Proposed Opioid Bill Ensures Patient Privacy While Helping MDs Make Rx Decisions

An estimated one-in-three Americans had a prescription for opioids in 2015 and that number continues to grow. With that growth has come a startling increase in the number of overdose deaths.

The National Center for Health Statistics reported that overdose deaths hit a record 19.9 per 100,000 population in the third quarter of 2016, up from 16.7 for the same three months in 2015.

U.S. Reps. Tim Murphy (R-PA) and Earl Blumenaur (D-OR) have introduced legislation that would allow physicians to gain access to a patient’s complete medical records – including their addiction treatment history – before making any prescribing decisions.

Dubbed the Overdose Prevention and Patient Safety (OPPS) Act, H.R. 3545 would amend the 42 Code of Federal Regulations (CFR) Part 2, known simply as “Part 2.” that prevents doctors from reviewing their patients’ histories of addiction treatment before prescribing opioids and other drugs.

Part 2 initially was created to provide confidentiality to those who needed to seek drug addiction treatment. The bill is designed to give physicians access to those records to allow them to provide proper care, while at the same time maintaining patient confidentiality under HIPAA.

Specifically, H.R. 3545 simplifies and aligns Part 2 regulations with the existing confidentiality protections under the Health Insurance Portability and Accountability Act (HIPAA). Additionally, for Americans who are in recovery, the bill strengthens existing Part 2 protections that prevent the disclosure of addiction treatment records in a manner that might lead to prosecution, discrimination or loss of employment, housing, or child custody. This ensures the highest level of privacy is maintained, according to a statement by Murphy, who also is a practicing psychologist and mental health policy expert.

A report by the President’s Commission on Combating Drug Addiction and the Opioid Crisis, which was established in March, urged President Trump to declare a national emergency, which he did on Aug. 10.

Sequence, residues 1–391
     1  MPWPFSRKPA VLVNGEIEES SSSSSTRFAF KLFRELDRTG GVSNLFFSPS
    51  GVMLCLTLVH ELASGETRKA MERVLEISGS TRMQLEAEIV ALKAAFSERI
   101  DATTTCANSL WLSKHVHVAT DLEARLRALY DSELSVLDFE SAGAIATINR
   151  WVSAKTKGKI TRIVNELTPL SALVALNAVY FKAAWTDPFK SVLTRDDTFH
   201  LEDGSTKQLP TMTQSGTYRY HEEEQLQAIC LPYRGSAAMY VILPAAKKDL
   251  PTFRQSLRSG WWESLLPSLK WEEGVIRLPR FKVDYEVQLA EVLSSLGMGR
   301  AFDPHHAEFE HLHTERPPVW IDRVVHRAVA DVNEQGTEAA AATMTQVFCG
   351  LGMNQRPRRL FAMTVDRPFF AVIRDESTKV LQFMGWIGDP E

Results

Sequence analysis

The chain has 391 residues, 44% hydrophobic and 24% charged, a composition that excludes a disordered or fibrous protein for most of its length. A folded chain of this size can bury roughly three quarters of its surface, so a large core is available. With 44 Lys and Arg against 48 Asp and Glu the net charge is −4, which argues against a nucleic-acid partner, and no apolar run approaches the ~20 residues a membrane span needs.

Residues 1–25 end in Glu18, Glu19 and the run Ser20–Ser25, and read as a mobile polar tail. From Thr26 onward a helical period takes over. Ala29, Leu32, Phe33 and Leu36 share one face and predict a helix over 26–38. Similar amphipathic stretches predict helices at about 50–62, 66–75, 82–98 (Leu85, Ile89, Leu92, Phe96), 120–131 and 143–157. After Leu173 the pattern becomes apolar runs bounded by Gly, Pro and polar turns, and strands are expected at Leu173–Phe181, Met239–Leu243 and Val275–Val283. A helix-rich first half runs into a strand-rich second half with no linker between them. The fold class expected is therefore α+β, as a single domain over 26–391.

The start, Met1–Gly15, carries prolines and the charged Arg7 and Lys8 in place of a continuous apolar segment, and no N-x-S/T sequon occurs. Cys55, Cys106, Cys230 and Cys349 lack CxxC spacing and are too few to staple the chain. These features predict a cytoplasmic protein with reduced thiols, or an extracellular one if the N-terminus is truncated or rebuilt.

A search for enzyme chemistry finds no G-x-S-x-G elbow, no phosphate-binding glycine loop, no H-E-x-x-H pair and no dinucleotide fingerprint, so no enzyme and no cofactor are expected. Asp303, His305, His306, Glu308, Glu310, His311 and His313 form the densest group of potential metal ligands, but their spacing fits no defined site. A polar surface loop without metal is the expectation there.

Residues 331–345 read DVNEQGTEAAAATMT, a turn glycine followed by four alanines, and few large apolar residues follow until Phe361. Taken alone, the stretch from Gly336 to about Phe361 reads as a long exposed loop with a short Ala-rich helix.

The commission made the following recommendations:

  • Eliminate the IMD exclusion within the Medicaid program.
  • Mandate various prescriber education initiatives
  • Immediately establish and fund a federal incentive to enhance access to Medication Assisted Treatment (MAT)
  • Provide model legislation for states to allow naloxone dispensing via standing orders, as well as requiring the prescribing of naloxone with high risk opioid prescriptions
  • Prioritize funding and manpower to the Department of Homeland Security’s Customs and Border Protection, the DOJ, FBI and the DEA, to quickly develop fentanyl detection sensors and disseminate them to federal, state, local, and tribal law enforcement agencies
  • Provide federal funding and technical support to states to enhance interstate data sharing among state-based prescription drug monitoring programs (PDMPs) to better track patient-specific prescription data and support regional law enforcement in cases of controlled substance diversion. Ensure federal healthcare systems, participate in state-based data sharing.
  • Better align, through regulation, patient privacy laws specific to addiction HIPAA to ensure that information about Substance Use Disorders be made available to medical professionals treating and prescribing medication to a patient.
  • Enforce the Mental Health Parity and Addiction Equity Act (MHPAEA) with a standardized parity compliance tool to ensure health plans cannot impose less favorable benefits for mental health and substance use diagnoses verses physical health diagnoses.

The Health Law Offices of Anthony C. Vitale can assist clients with interpreting the bill and its possible effects, as well as contact representatives on your behalf for notice and comment on the bill’s practical effects.